Attributing this to lack of awareness about crop insurance among the farmers, an Agriculture Insurance Company of India (AIC) official said the problem gets further aggravated as few public sector banks are willing to cover farmers under the National Agriculture Insurance Scheme (NAIS).
Of the around 7-million farmers in the state, only 586,000 are covered by AIC, compared with 15.1 million in Maharashtra, 11.9 million in Andhra Pradesh, 6.6 million in Gujarat and 5.7 million in Karnataka, said C Anbarasu, regional manager (Tamil Nadu, Pondicherry and Andaman & Nicobar Islands), AIC.
According to AIC data, NAIS penetration in Rajasthan is at 40 per cent, while it is 30 per cent in Andhra Pradesh and 29 per cent in Karnataka.
Anbarasu said public sector banks in Tamil Nadu disbursed loans worth over Rs 16,000 crore (Rs 160 billion) to farmers in 2007-08. Majority of them had taken loan against jewellery instead of crop insurance, which is against the Reserve Bank of India's diktat for compulsory crop insurance when banks lend money to farmers.
While agreeing that crop insurance is yet to catch on, a few public banks felt they alone should not be blamed.
A Chennai-based public sector bank's chairman and managing director said they were willing to give crop insurance but farmers were reluctant to avail of this benefit. They shun from paying the Rs 200 premium for an insurance cover. The cap on the number of crops that can be covered under NAIS too has been removed.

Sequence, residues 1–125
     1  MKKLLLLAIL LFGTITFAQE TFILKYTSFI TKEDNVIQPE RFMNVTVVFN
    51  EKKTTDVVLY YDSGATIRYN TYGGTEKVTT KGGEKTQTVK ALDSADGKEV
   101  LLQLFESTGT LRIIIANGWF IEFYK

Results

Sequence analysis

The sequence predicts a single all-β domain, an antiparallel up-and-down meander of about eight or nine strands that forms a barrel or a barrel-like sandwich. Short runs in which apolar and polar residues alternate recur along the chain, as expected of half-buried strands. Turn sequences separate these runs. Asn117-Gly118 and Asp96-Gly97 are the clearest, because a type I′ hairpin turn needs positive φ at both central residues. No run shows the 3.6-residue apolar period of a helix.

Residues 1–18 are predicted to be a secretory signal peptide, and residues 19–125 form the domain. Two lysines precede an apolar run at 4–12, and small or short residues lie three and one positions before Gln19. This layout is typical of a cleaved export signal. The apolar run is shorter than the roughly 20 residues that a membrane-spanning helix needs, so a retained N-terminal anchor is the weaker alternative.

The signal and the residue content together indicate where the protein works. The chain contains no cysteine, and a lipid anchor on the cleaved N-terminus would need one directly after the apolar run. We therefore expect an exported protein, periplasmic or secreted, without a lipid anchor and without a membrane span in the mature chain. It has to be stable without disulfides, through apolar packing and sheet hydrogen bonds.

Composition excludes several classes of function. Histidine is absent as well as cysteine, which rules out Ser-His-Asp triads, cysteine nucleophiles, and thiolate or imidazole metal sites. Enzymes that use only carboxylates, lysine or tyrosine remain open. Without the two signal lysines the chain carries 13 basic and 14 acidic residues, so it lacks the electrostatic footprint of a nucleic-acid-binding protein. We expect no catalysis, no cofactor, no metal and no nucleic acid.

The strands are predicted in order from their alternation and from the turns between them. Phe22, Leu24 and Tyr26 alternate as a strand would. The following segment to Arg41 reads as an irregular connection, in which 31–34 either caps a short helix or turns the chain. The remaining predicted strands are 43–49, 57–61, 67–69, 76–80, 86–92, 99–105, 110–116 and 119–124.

In 2007, AIC settled claims worth Rs 267 crore (Rs 2.67 billion), compared with Rs 7.88 crore (Rs 78.8 million) in 2006, an increase of 167 per cent. Of this, Rs 222 crore was settled through co-operative banks, Rs 17 crore (Rs 170 million) through regional rural banks (RRBs) and Rs 38 crore through commercial banks.
In terms of premium, commercial banks brought in only Rs 2.27 crore (Rs 22.7 million) , as compared with Rs 12.72 crore (Rs 127.2 million) by cooperative banks and Rs 48 lakh by RRBs in 2007-08.
Currently, cooperative banks account for 80 per cent of AIC's business in Tamil Nadu, since these banks were initially responsible for the promotion of crop insurance in the state, which has now taken over by the agriculture department.
The state government has set a target of covering 2.5 million farmers under NAIS and allocated Rs 40 crore (Rs 400 million) as subsidy compared with Rs 15 crore (Rs 150 million) in 2007.
...to implement weather insurance plan
Tamil Nadu has joined 13 other states to run a weather insurance plan on a pilot basis. The plan, announced by the finance minister in his last Budget, is expected to cover around 1 million farmers by the end of the current rabi season.
The pilot, which is being run by AIC in 13 states including Andhra Pradesh, Karnataka, Bihar, Chhattisgarh, Madhya Pradesh and Rajasthan, offers farmers a substitute to the National Agriculture Insurance Scheme (NAIS).
Initially, five districts - Dharmapuri, Salem, Virudunagar, Ariyalur and Perambalur - will be covered in Tamil Nadu, said C Anbarasu. The pilot project will run for 2 or 3 seasons for which central and state governments have provided Rs 2 crore each as subsidy.
The premium for Rs 10,000 sum assured would be Rs 1,095, of which Rs 870 will be contributed by both central and state governments while farmers will contribute the remaining Rs 225.